Mission and History


Columbia College Chicago is an undergraduate and graduate institution whose principal commitment is to provide a comprehensive educational opportunity in the arts, communications, and public information within a context of enlightened liberal education.  Columbia’s intent is to educate students who will communicate creatively and shape the public’s perceptions of issues and events and who will author the culture of their times.  Columbia is an urban institution whose students reflect the economic, racial, cultural, and educational diversity of contemporary America.  Columbia conducts education in close relationship to a vital urban reality and serves an important civic purpose by active engagement in the life and culture of the city of Chicago.

Columbia's purpose is:


Columbia College Chicago was founded in 1890 as the Columbia School of Oratory by Mary A. Blood and Ida Morey Riley, both graduates of the Monroe Conservatory of Oratory, (now Emerson College, in Boston, Massachusetts).

In 1904 the school changed its name to the Columbia College of Expression  and in 1927, the college became a sister institution with the Pestalozzi-Froebel Teachers College.

The school left its partnership with the Pestalozzi-Froebel Teachers College in 1944 with a revised name, Columbia College, and Norman Alexandroff  serving as its president.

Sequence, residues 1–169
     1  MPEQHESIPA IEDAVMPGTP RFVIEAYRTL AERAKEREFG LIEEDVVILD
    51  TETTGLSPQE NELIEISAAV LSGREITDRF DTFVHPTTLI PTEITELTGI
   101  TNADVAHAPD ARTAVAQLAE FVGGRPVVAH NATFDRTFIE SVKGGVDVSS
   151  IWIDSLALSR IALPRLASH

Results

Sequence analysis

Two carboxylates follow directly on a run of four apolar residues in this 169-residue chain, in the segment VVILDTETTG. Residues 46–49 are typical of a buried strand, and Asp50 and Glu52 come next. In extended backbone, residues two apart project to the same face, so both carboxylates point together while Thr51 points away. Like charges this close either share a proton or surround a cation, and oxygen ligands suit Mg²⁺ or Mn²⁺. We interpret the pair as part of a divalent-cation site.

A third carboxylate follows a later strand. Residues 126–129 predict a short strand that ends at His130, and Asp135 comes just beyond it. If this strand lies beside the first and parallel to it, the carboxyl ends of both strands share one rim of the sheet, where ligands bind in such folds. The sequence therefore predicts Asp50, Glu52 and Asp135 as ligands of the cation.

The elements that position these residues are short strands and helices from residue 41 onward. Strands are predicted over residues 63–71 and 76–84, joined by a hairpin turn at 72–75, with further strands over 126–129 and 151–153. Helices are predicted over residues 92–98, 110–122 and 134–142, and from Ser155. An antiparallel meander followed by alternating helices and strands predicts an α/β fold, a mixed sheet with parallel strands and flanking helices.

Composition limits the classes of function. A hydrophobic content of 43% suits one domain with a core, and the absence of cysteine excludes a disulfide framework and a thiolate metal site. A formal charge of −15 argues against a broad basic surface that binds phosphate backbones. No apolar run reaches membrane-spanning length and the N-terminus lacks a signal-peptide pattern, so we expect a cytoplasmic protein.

In 1961, Mirron (Mike) Alexandroff, became president and created a liberal arts college with a progressive social agenda. For the next 30 years, he built Columbia into an urban institution that offered coursework taught by some of the most creative professionals in Chicago.

Columbia was awarded full accreditation in 1974 by the North Central Association of Colleges and Schools and purchased its first building in the South Loop at 600 S. Michigan Ave.  In 1984, Columbia received full accreditation for its graduate programs.

In 1992, Dr. John B. Duff was named president and during his tenure, the school changed its name to Columbia College Chicago, expanded its educational programs, and added to its physical campus in the South Loop.

In 2000, Dr. Warrick L. Carter served as president and ushered in new student-based initatives such as Manifest and Shop Columbia, partnered with local universities to construct the University Center of Chicago, purchased new campus buildings, added new curricula, and built Columbia's first newly constructed building, the Media Production Center.

In July 2013, Dr. Kwang-Wu Kim became Columbia College Chicago’s tenth president. He holds a doctor of musical arts degree and an artist diploma from the Peabody Institute of Johns Hopkins University. He is an outspoken advocate for the arts, a proponent of expanding the role of creative practice in society, and seeks to change the approach to how artists are educated.

Building on its heritage of creativity, innovation, and strength, Columbia College Chicago continues to challenge its students to realize their abilities according to the school's motto, "esse quam videri" – to be rather than to seem and encourages its students to author the culture of their times.

Equal Opportunity

Columbia College complies with all local, state, and federal laws and regulations concerning civil rights. Admission and practices of the College are free of any discrimination based on age, race, color, creed, sex, religion, handicap, disability, sexual orientation, gender identity or expression, and national or ethnic origin.

The policies, programs, activities, course offerings, descriptions, faculty, and calendars listed in this catalog are subject to change, revision, modification, and/or deletion at any time without notice.